Prevalence and Nature of Medication Errors in Children and Older Patients in Primary Care
Olaniyan, Janice Oluwagbemisoye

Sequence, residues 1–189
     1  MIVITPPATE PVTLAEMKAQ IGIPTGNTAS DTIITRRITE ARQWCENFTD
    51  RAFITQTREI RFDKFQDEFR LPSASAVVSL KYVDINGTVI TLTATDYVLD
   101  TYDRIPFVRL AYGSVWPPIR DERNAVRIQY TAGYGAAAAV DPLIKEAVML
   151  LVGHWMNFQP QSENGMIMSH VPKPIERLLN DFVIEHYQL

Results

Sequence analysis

Abstract AIM: To conduct a systematic literature review on the existing literature on the prevalence of medication errors across the medicines management system in primary care; To explore the systems of error management in primary care; to investigate the prevalence and nature of medication errors in children, 0-12 years, and in older patients, ≥65 years, in primary care; and to explore community pharmacists’ interventions on medicines-related problems. METHODS: 1) Systematic literature review; 2) Questionnaire survey of Primary Care Trusts (PCTs), Clinical Commissioning Groups (CCGs) and NHS Area Teams; 3) Retrospective review of the electronic medical records of a random sample of older patients, ≥65 years old, and children 0-12 years old, from 2 general practices in Luton and Bedford CCGs, England; 4) Prospective observation of community pharmacists’ interventions on medicines-related problems and prescribing errors from 3 community pharmacies in Luton and Bedford CCGs in England. DATA ANALYSIS: Quantitative data from records review were analysed using Microsoft Excel on data extracted from an Access database. Statistical tests of significance were performed as necessary. Descriptive statistics were conducted on quantitative data from the studies and inductive qualitative analyses were conducted on aspects of the questionnaire survey. RESULTS: The systematic literature review demonstrated that medication errors are common, and occur at every stage of the medication management system in primary care, with error rates between ≤1% and ≥90%, depending on the part of the system studied and the definitions and methods used. There is some evidence that the prescribing stage is the most susceptible, and that the elderly (over 65 years) and children (under 18 years) are more likely to experience significant errors, although very little research has focussed on these age groups. The questionnaire survey of PCTS, CCGs and NHSE demonstrated that national and local systems for managing medication errors appeared chaotic, and need to be better integrated to improve error learning and prevention in general practice The retrospective review of patients’ medical records in general practices demonstrated that prescribing and monitoring errors are common in older patients and in children. 2739 unique prescription items for 364 older patients ≥65 years old were reviewed, with prescribing and monitoring errors detected for 1 in 3 patients involving about 1 in 12 prescriptions. The factors associated with increased risk of errors were: number of unique medications prescribed, being ≥75 years old, being prescribed medications requiring monitoring, and medications from these therapeutic areas: corticosteroid, NSAID, diuretic, thyroid and antithyroid hormones, statins and ACE-I/ARB. 755 unique prescription items for 524 younger patients 0-12 years old were examined, with approximately 1 in 10 prescriptions and 1 in 5 patients being exposed to a prescribing error. Factors associated with increased risk of prescribing errors in younger patients were: being aged ≤10 years old, being prescribed three or more medications, and from similar therapeutic areas as above. Majority of the errors were of mild to moderate severity. Community pharmacists performed critical interventions as the last healthcare professional defense within the medicines management system in primary care. However, this role is challenged by other dispensary duties including the physical aspects of dispensing and other administrative roles. CONCLUSION Prescribing and monitoring errors in general practice, and older patients and children may be more at risk compared to the rest of the population, though most errors detected were less severe. Factors associated with increased risk for errors in these age groups were multifaceted. The systems for periodic laboratory monitoring for routinely prescribed drugs, particularly in older patients, need to be reviewed and strengthened to reduce preventable hospital admissions. Antibiotic dosing in children in general practice needs to be regularly reviewed through continued professional developments and other avenues. As guidance on local arrangements for error reporting and learning systems are less standardised across primary care organisations, pertinent data from adverse prescribing events and near misses may be lost. Interventions for reducing errors should therefore explore how to strengthen local arrangements for error learning and clinical governance. Community pharmacists and/or primary care pharmacists provide an important defence within the medicines management system in primary care. Policy discussions and review around the role of the pharmacist in primary care are necessary to strengthen this defence, and harness the potential thereof.